A Burqa is an outer garment worn by women in Islamic societies for the purpose of concealing their bodies and/or face. It is mostly worn when a woman leaves her home and she has to wear it until she is back in her home.
Where is a Burqa worn?
Burqa is worn throughout Middle Eastern nations and the Muslim nations around the world. Many liberal or democratic governments are not so strict about wearing the Burqa. One such famous example is Turkey, where secular ideas prevail and give people the freedom to choose if they want to wear a Burqa. Meanwhile, in stricter nations, women are told to wear the Burqa and failure to do so can result in beatings, harassment or other worse punishments.
Who wears a Burqa?
Obviously a woman wears a Burqa but more specifically, conservative practicing Muslims wear it. Girls are not supposed to wear a burqa until she hits puberty but this notion is not practiced as girl as young as six are made to wear the Burqa to get them used to wearing it. There have also been instances where men wore the Burqa to escape from the police or to hide their identities from the authorities. One such famous incident occurred at the Red Mosque siege in Pakistan.
What are the different styles of the Burqa or names?
Burqa falls under the category of Hijab. This is a Arabic word which means to veil or cover and refers to a women’s head and body covering gear. In Saudi Arabia, women a loose robe called abaya and a face veil called niqab while in nations like Tunisia or Turkey, Muslim women tend to wear only a headscarf. In Iran, they take a step further and the “fashion police” mandate all women to wear loose clothing – preferably black or a while robe – when going out and women are also supposed to wear either a full face veil or scarf. If the dress code is not followed, it results in punishment. In order to accommodate to the modern word, Islamic teachers allow women to wear a “Burqini.” A Burqini is a swimsuit for women and it covers the entire body. The only exposed parts are the feet, fingers and the face. Chador is also a full body cover for women. One of the extremes of Burqa is the Afghan Burqa, which was enforced by Taliban. This burqa covers the entire body in a loose clothing and even the face (including eyes) are covered with only a grille for the women to look through.
What does Quran say about the Burqa?
First of all, it depends on which Islamic scholar you ask. They are all in disagreement as to what extend Quran advocates this. However, the Quran does urge men and women to dress and behave modestly in society. The Quran does not specifically mention the Burqa or tells women to wear such extremely confining clothes. The Ulema or the Scholars do agree that the Quran says women should not wear extremely revealing clothes. Modern day muslims base their authority regarding the Burqa on the Hadith or collected traditions of life in the days of Muhammad the prophet. But a noteworthy objection is that Hadith describes 7th century Arabian life, which should not be imposed on modern day Muslims world wide. Muslim communities also argue that women are to dress modestly but should not be forced or punished to wear a Burqa. This is why many Muslim communities have different preferences regarding the application of the Burqa.
The West and Burqa
The issue of Burqa has been a source of problems for western nations. Some call it Islamophobia but the real reason is the issue of security. This is why France banned all forms of religious clothing and articles in the schools throughout the nation. Netherlands also banned the wearing of face-covering Burqa. There have been instances in USA where Muslim women wanted to get her drivers license but refused to take off her Burqa (face veil). This generates a problem because identification of a person becomes troublesome especially when the person is wearing clothing to cover their faces. As mentioned earlier, there have been instances of terrorists and criminals wearing the Burqa to hide from the police and authorities so a security issue is generated. Women’s rights groups, both Islamic and secular, have also begun to actively fight what they see as the subjugation of women. Within the Muslim community, conservatives and Islamic feminists have used Islamic doctrine as the basis for discussion of women’s rights, drawing on the Qur’an, the Hadithand the lives of prominent women in the early period of Muslim history as evidence. Muslim Bengali writer Rokeya Sakhawat Hussain criticized the hijab and the Burqa in her utopian fantasy Sultana’s Dream. Iranian-American novelist Azar Nafisi, author of Reading Lolita in Tehran, Marjane Satrapi, author of the graphic novel Persepolis, and Parvin Darabi who has authored Rage Against the Veil are some of the famous opponents of compulsory veiling. So far, Turkey and Tunisia are the only Muslim countries where the law prohibits the wearing of hijab in government buildings, schools, and universities. Saudi Arabia and Iran are the only countries that enforce the dress code strictly with severe punishments through the religious police.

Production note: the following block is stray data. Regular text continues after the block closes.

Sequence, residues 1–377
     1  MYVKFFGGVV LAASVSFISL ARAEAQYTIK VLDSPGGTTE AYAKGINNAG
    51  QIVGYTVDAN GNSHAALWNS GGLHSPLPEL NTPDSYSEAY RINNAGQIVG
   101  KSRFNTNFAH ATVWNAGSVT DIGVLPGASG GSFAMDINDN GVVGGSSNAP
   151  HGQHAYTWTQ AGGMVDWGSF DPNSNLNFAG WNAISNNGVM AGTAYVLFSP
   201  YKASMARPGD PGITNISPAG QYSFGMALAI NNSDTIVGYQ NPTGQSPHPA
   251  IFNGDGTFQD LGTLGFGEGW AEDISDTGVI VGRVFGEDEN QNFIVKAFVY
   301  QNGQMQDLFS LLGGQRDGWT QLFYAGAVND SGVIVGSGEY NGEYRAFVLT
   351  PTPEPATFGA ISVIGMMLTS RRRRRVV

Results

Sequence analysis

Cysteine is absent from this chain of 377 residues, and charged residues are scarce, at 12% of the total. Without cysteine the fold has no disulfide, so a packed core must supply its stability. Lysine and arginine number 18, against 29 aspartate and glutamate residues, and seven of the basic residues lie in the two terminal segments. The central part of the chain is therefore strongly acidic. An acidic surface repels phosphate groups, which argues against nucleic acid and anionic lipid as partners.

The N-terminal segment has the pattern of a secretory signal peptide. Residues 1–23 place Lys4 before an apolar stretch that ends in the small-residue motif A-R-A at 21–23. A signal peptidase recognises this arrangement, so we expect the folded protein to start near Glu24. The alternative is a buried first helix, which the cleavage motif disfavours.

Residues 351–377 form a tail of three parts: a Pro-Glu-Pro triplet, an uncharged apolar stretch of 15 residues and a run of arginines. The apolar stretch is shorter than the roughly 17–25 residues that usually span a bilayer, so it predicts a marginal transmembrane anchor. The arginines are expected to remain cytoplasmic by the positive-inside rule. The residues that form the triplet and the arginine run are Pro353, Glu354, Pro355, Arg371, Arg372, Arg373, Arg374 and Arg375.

The Future of Burqa?
There are both the opponents and the supporters of Burqa out there but many Muslims are starting to agree that such enforced dress code is not necessary. Unlike historical times, many nations have begun to lessen their enforcement of the Burqa. Women are also no longer required to wear the Burqa (only some Muslim nations) even though they are encouraged to wear modest clothes such as a headscarf (most of Islamic states). Liberal Muslims and women’s rights groups are advocating for the compulsory enforcement of the Burqa to be stopped so a women (and girls) are given the choice to decide if they want to wear the Burqa or not. Currently, this issue or topic is hotly contested by the Islamic scholars, Muslim Communities and the Western nations. However, as Islam moves into the modern age, one can only speculate as to what the future of Burqa will truly be.